Shaping urbanisation for children: A handbook on child-responsive urban planning (UNICEF May 2018)
This publication from UNICEF calls all urban stakeholders to invest in child-responsive urban planning, recognising that cities are not only drivers of prosperity, but also of inequity. Through 10 Children’s Rights and Urban Planning principles, the handbook presents concepts, evidence, tools and promising practices to create thriving and equitable cities where children live in healthy, safe, inclusive, green and prosperous communities. By focusing on children, it provides guidance on the central role that urban planning should play in achieving the Sustainable Development Goals, from a global perspective to a local context.
The recognition of childhood as a crucial time for children to gain access to the urban setting and enjoy its advantages, is key to define spatial solutions for all ages. Child-responsive urban settings resonate qualities that many scholars have described as conceptual standards for sustainable neighbourhoods and cities: urban scales, proximity, walkability, mixed use, public space, independent mobility and connectivity.
Children’s Rights and Urban Planning Principles
By adopting 10 Children’s Rights and Urban Planning Principles cities will not only support children’s development, but thrive as homes for future generations. See page 5 for list of 10 Children’s Rights.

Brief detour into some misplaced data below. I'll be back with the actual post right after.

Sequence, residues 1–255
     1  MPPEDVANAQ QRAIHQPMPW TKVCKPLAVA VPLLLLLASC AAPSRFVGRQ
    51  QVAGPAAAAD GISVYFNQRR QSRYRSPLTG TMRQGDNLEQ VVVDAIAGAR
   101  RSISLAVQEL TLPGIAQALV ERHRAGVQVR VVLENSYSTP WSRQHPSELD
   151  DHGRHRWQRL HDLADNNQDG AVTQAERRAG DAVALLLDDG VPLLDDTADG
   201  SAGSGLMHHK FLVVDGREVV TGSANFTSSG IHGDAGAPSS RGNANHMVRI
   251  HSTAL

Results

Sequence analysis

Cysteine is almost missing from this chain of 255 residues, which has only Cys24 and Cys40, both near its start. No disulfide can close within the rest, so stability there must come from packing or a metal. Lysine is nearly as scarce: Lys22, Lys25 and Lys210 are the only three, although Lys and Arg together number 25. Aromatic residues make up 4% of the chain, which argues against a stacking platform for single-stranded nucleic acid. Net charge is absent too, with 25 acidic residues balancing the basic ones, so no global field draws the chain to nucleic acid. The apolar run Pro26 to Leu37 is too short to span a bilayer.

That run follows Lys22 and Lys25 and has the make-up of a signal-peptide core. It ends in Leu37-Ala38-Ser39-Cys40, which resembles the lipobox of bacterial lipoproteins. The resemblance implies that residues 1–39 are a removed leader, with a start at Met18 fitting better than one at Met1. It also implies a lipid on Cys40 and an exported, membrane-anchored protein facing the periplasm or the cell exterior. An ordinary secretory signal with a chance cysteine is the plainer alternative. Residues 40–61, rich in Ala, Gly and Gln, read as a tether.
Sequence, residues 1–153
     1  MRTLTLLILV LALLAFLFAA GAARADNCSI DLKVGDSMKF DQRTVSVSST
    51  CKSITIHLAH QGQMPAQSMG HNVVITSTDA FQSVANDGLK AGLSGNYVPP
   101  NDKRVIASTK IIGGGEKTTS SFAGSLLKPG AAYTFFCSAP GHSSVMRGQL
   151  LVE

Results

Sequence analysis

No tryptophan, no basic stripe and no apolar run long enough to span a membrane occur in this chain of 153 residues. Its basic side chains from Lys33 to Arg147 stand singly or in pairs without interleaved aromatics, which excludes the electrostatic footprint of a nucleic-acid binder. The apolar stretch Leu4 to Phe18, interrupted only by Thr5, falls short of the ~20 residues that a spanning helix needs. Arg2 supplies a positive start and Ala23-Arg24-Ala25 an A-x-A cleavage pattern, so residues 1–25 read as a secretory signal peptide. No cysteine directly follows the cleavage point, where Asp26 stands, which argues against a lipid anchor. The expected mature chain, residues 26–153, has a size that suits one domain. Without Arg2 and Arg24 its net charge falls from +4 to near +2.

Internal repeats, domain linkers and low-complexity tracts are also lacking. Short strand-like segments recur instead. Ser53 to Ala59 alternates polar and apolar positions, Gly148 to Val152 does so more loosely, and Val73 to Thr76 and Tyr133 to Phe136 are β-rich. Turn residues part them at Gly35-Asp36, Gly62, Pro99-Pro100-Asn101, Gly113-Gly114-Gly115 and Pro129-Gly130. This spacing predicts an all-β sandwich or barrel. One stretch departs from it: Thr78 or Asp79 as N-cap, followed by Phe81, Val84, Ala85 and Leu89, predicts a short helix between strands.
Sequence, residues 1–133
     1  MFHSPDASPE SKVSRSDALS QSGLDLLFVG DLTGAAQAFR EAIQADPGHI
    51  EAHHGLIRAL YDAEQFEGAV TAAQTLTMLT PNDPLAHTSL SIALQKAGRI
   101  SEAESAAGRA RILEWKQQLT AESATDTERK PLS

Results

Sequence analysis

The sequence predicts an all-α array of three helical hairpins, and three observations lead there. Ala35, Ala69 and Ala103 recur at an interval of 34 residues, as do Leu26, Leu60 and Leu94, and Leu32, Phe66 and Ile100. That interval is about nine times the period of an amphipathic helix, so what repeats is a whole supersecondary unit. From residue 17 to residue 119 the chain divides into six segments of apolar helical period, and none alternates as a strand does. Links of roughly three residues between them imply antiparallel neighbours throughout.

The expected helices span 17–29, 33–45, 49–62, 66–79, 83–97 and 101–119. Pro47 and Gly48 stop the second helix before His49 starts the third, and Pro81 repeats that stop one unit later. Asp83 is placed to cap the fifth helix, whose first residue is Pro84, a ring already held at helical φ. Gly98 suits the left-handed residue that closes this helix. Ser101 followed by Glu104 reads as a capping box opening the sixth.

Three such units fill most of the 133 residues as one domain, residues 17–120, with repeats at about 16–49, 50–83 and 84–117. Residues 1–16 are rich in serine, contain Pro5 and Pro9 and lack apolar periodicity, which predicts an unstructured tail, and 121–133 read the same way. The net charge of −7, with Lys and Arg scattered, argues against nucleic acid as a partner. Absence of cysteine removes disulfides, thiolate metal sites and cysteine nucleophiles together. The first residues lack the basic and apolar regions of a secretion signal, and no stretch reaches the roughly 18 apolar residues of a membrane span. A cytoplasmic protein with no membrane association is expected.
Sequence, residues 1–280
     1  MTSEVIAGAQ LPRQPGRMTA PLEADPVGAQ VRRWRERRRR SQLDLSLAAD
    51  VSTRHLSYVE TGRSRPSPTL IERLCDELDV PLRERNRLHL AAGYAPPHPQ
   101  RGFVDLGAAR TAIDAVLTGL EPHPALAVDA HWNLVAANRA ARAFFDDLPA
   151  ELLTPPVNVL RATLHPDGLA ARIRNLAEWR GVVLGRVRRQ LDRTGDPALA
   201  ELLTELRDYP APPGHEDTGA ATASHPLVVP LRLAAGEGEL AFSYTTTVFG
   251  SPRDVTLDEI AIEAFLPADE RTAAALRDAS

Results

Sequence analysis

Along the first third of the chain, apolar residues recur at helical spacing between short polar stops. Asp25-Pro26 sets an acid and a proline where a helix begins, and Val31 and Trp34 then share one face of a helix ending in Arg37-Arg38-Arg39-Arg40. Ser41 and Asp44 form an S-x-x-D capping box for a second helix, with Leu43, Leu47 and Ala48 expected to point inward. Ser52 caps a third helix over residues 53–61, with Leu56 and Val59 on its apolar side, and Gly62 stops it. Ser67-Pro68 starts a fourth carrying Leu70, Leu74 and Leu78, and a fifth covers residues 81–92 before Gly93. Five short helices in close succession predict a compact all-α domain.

Who is the handbook for
The handbook aims to inspire everyone involved in planning, designing, transforming, building and managing the built environment. See page 6.
The purpose of the handbook
Convincing stakeholders that shaping cities for children is the best thing to do will benefit not only children, but all current and future citizens. The reader can refer to the handbook for different purposes. For purposes see page 8.
How to use the handbook
The handbook is composed of two major parts:
Part 1 builds the case for child-responsive urban planning and argues that every stakeholder has a role to play
Part 2 provides technical support for urban planning stakeholders in their daily practice: urban planning professionals, civil servants in charge of city development plans and projects that impact the urban environment, and project managers in real estate development and community development managers. See Page 9.